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Which is to Ape Which?

I don't know if it was just out of curiosity when psychologist Gordon G. Gallup, Jr. carried out the mirror self-recognition tests (MSR) in the early-1970s. On the other hand, if you look at this intriguing paper written by Takaaki Kaneko and Masaki Tomonaga of Primate Research Institute attached to Kyoto University, you can tell that they are seeking a clue to the mechanism of intellectual evolution.

In a recent post, I referred to the President of the United States as a Black Kenyan Monkey. At that time I feared I might be criticized by a monkey-rights group for my discriminatory use of the word "monkey." But on the contrary, an American visitor to my website lodged a protest, saying it wasn't the right thing to insult the leader of a nation this way. Although I still suspect it was an undeserved compliment, here in this post, I'll address these creatures that look more or less like humans as "WE," while referring to chimpanzees as "THEY."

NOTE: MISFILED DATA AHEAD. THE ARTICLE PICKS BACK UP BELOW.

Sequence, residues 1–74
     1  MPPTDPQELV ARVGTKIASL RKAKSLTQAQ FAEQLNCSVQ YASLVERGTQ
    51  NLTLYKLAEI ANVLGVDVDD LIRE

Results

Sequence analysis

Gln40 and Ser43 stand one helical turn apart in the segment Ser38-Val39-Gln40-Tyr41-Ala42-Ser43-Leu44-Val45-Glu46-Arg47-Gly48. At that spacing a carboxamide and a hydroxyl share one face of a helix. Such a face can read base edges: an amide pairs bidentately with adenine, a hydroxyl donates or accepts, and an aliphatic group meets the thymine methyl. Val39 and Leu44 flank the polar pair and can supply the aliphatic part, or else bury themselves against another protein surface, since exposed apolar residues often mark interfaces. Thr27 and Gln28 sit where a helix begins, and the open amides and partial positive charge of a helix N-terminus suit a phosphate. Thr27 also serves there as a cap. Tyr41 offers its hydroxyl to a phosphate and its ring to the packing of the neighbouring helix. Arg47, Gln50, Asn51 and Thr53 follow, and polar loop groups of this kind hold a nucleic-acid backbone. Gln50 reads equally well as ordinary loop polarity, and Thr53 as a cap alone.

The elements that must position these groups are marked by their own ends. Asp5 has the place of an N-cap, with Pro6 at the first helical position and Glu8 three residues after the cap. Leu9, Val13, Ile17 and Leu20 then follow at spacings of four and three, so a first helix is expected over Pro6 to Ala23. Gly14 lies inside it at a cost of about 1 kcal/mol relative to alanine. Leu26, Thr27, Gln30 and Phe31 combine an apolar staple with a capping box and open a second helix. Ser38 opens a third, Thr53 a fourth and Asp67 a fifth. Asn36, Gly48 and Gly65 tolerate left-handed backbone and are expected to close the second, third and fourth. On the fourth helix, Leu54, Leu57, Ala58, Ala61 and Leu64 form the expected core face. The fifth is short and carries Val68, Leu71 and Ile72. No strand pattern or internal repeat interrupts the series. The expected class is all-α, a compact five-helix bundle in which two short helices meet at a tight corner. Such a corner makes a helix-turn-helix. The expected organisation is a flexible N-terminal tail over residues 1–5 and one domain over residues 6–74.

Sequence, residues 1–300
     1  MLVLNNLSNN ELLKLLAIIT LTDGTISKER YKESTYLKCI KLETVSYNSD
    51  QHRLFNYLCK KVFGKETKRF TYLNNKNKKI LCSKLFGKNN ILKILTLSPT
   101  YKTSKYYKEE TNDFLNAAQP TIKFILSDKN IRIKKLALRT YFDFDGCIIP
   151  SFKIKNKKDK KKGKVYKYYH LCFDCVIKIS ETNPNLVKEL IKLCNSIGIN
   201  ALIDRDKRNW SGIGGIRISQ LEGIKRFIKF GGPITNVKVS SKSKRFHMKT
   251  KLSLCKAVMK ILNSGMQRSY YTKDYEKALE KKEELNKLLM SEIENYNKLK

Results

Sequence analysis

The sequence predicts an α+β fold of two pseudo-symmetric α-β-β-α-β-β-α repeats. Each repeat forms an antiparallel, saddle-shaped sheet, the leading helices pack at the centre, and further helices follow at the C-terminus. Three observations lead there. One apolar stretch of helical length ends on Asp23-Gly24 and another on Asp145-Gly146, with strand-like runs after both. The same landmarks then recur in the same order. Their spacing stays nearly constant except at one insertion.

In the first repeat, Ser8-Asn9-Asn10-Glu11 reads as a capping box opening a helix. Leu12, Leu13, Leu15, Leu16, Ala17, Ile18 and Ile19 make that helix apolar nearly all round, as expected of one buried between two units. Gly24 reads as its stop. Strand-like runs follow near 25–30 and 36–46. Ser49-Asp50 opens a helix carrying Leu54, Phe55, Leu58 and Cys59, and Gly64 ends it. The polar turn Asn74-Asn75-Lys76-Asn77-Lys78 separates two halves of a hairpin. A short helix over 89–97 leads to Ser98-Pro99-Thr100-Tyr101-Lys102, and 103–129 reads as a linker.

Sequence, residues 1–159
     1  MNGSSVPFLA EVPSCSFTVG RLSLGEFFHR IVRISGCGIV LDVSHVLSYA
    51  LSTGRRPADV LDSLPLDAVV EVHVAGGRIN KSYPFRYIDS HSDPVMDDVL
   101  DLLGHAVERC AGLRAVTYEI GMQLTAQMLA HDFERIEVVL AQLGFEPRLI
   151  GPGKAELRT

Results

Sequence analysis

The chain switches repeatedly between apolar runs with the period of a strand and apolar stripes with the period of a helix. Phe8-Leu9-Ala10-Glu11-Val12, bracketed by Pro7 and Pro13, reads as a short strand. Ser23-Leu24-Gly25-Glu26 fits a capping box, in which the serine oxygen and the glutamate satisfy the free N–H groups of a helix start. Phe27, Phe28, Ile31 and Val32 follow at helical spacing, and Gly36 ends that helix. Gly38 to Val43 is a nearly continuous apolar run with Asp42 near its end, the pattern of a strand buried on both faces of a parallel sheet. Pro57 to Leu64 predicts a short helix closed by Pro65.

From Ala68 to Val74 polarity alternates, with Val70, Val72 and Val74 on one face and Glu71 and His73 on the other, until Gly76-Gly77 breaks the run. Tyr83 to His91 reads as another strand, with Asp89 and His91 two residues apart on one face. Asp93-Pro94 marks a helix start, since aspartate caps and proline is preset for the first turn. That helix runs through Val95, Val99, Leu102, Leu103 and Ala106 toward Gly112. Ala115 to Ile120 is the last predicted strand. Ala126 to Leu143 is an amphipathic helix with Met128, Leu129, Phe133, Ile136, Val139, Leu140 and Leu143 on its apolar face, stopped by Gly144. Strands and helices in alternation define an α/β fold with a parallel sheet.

I'm very sure that most of US will fail in MSR because it's now evident that WE have lost the life-size view of OURSELVES. WE tend to talk big while actually acting very small. I'm often inclined to ask US these questions: "Who the hell are you? Exactly where are you within this picture you are talking about. Or are you talking about someone else's problem? Then what makes it your business?"

In the video embedded here, the brainless BBC reporter underplays the significance of the findings by the Japanese researchers at PRI. But actually, the learning ability demonstrated by this particular chimp here was already counter-intuitive to most of US. There's absolutely no reason to prejudge THEY won't outdo US in other types of intelligence tests. Toyota's Partner Robots are a different story. These cyborgs are stupid simply because they all mirror their developers. But to US, chimps are not a mirror.